It was getting late in the day, so we decided to part ways and head back to the hotel.

Fulmer dropped us off at the hotel and went to his place. Switzer, Yazoo and I changed clothes and walked about a mile to the huge six story mall for a small dinner at a Burger King. This city is beautiful at night. I have never been to Las Vegas, but there are several buildings here that I think would fit right in on the Vegas strip. Outside of the smell of sewage that occasionally wafts by, I really enjoyed this city and the mix of modern building design and classical architecture of the historic downtown.

We were already very tired so we quickly made our way to BK and went back to the hotel that night. At last check I had 16026 steps in on the Garmin Forerunner 235.

No sleep came for me Sunday night.

I probably should not have had the late Starbucks. I won’t be drinking coffee on Monday, just my Zipfizz.

Here is where that bed near the window fits back into the story. I wasn’t able to sleep, and I had left the curtains open a bit. Our hotel was surrounded by huge high rises on three sides, and the other side had an Olympic size pool, tennis and basketball areas. I’m convinced those were actual Olympic training areas.

I laid in the bed that night just staring up at those high rises and watching lights go on an off in the windows and thinking about what those people must be doing at all hours of the night. I knew the food trucks stayed open late, but it was 2:00 AM local time and the city still wasn’t yet asleep. I had brought some Tylenol PM with me on my doctor’s advice, but I didn’t take it before bed and I didn’t want to be chemically tired on top of physically tired the next day, so I didn’t take any after going to bed.

It was also an emotionally tough night. It didn’t hit me the first night because I was so tired, but on this second night I started feeling the distance away from my family. We were almost a full 12 hours ahead of my home timezone, so I called/texted my wife and talked to her around the time she was leaving our home club. Her words calmed me, and the Comforter soothed the pain in my chest. You know the pain I’m talking about, that pain of being away from the familiar and having a slight fear of never being able to return. I had not felt that pain since I was a young child.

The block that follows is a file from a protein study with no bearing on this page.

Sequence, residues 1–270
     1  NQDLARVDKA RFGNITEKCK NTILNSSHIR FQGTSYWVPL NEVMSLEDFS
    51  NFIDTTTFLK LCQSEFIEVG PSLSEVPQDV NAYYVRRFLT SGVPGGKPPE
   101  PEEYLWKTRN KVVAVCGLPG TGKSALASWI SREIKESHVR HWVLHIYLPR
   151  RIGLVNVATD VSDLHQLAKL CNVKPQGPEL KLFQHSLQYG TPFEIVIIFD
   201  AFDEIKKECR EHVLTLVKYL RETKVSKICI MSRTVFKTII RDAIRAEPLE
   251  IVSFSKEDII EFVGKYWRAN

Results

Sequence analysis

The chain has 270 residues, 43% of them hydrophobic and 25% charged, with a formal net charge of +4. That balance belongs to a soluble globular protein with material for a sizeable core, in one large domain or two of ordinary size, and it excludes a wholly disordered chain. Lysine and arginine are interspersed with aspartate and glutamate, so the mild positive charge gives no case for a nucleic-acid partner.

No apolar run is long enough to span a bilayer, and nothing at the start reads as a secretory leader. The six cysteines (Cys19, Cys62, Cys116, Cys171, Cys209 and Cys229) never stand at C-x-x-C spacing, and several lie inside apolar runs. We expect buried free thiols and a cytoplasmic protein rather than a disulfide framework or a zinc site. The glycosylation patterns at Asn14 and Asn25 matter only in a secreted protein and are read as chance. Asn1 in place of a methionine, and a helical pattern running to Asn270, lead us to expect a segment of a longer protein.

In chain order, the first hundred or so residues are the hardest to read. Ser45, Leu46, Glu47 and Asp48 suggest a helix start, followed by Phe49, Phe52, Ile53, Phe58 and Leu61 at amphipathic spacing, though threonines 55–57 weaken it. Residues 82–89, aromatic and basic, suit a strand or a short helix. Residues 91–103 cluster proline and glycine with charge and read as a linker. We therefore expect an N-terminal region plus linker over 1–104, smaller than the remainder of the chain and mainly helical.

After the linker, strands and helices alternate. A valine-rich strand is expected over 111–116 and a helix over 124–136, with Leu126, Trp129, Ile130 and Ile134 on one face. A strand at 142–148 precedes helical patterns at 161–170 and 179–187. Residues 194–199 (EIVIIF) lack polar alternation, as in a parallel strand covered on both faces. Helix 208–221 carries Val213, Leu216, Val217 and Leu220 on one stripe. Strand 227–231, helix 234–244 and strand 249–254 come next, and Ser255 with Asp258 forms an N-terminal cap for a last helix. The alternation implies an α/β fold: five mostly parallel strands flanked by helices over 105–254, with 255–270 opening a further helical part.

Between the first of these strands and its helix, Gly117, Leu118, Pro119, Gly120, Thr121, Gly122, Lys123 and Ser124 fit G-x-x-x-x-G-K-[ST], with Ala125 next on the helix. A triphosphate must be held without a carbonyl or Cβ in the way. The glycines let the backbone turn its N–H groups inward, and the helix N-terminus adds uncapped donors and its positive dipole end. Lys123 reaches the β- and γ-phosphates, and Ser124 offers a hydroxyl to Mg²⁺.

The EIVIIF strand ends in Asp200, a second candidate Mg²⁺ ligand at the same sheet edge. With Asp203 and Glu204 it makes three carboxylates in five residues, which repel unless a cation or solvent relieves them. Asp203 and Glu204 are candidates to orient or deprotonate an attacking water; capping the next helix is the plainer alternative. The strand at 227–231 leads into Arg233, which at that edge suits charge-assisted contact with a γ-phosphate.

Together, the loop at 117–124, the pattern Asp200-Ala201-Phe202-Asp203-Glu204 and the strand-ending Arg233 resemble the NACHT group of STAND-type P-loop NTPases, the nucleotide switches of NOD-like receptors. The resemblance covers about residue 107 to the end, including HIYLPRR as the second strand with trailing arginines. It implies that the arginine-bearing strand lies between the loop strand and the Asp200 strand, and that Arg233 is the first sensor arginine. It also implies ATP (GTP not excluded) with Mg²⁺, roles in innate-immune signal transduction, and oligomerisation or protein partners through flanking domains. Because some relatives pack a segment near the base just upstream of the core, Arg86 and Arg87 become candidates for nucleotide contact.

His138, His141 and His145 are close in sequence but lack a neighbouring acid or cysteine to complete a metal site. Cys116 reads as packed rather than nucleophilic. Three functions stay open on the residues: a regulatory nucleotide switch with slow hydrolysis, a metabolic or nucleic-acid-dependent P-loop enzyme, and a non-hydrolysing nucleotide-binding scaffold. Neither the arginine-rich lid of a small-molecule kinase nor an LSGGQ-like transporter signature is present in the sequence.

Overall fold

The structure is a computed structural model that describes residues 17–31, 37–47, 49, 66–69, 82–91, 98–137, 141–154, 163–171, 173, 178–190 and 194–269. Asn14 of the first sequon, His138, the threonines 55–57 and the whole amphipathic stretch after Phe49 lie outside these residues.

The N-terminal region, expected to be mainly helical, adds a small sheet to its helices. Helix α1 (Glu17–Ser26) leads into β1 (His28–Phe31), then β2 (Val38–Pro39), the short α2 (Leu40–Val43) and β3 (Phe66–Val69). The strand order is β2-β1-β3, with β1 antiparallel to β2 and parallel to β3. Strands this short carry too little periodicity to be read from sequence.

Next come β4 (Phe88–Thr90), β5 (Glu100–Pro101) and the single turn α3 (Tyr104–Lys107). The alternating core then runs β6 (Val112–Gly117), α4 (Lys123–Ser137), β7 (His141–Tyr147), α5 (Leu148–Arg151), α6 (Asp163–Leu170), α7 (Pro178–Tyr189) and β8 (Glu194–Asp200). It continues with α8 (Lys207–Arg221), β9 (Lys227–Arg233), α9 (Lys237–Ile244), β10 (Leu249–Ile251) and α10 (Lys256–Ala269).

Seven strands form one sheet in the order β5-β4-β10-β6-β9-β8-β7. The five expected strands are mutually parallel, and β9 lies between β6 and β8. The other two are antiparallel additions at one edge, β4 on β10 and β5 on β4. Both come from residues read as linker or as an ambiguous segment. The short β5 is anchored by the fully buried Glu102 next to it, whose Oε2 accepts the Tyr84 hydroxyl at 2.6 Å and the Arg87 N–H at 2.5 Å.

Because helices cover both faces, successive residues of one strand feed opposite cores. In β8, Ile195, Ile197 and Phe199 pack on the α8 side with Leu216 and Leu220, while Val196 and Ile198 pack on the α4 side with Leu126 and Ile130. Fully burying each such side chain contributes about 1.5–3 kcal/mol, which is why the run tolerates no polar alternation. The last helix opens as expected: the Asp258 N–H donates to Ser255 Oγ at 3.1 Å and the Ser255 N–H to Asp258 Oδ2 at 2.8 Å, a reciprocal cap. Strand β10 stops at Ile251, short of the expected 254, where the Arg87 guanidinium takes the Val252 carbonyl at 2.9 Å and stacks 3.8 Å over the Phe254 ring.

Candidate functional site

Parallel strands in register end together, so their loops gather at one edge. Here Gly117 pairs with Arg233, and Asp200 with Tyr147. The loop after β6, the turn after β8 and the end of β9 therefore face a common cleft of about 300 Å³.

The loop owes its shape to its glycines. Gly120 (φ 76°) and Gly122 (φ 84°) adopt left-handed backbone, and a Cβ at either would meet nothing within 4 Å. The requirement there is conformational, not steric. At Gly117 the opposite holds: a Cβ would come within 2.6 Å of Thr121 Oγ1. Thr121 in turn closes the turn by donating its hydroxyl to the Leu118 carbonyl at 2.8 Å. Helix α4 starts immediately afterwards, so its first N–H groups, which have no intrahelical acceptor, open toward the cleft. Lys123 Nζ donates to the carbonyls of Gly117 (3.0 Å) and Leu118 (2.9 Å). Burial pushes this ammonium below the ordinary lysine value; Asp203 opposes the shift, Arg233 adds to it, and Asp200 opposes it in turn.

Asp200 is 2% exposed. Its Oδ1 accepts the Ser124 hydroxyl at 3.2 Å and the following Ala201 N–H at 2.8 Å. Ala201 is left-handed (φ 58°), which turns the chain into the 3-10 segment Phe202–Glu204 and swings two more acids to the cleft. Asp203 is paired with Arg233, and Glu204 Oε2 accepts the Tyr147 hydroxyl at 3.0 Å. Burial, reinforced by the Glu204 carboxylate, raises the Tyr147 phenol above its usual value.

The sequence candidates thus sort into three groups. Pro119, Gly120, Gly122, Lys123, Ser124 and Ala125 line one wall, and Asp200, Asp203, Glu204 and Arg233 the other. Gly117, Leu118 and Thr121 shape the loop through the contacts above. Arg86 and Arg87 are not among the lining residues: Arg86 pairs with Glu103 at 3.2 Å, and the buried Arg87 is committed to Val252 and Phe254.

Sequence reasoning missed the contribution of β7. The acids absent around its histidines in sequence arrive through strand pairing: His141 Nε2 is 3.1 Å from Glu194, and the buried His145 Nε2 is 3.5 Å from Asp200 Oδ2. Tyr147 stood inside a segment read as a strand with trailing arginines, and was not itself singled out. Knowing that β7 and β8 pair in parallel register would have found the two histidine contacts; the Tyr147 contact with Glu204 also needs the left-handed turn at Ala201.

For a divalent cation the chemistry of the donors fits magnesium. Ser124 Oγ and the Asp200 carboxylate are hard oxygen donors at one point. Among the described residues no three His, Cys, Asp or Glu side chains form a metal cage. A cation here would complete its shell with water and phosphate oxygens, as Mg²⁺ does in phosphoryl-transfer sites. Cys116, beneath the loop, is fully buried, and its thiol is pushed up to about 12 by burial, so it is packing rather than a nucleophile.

The Adventures of Yazoo and Huckleberry (Ch. 3)

Tent Making. Like Paul’s stay in Corinth, the Adventures of Yazoo and Huckleberry are funded by our day jobs and skills. Today was going to be partly tent making, fellowship and strategic planning.

We were headed out to start our week at an international agriculture expo. It’s amazing because when we planned our trip, we had no idea that expo would be happening in that city at that time. Yet, the timing was perfect.

Scooter snuggies are a big deal here. Yes, scooter snuggies. It was cool as we headed out into the city and there are scooters everywhere. On the cool mornings, some people have this snuggie looking thing that they wear while riding the scooter. The city has a huge lane just for scooters. Almost all of them are electric scooters. The city I was in was not smoggy at all which was a wonderful surprise. I noticed that many of the lights were LED or CFL and very nice bike paths lined the roads as well.

As we were riding out toward the expo center, I was amazed at the sheer number of people. I’d never been in such a big city. In the United States, the biggest city in terms of population I’ve ever been in is probably Houston. As I was able to start seeing around some of the buildings I noticed a huge mountain range in the distance. That’s when I looked up the elevation of the city and noticed that it was higher in elevation than Denver. I was getting excited about going up into the villages later in the week.

The expo center is on the edge of the city and out near a huge lake. The architecture was amazing and iconic. After going through security and a full car inspection, Fulmer parked underground in a multilevel parking garage and we piled out to experience the event. Luckily we were all wearing those matching polo shirts with the company logo on it.

I was able to experience so many different new vegetables, fruits, meats, flowers, eggs, nuts, and see the tools of the trade used on the farms. I enjoyed it greatly. We were also able to watch a group of ethnic minority singers perform wearing their traditional clothing. I wish I could share the pictures with you.

It may seem odd for a guy who has made his career in IT to be on a trip in a far east foreign land wearing a polo shirt with the logo of an agriculture company with three other American guys, walking around an international agriculture expo and making deals for the acquisition of pecan samples.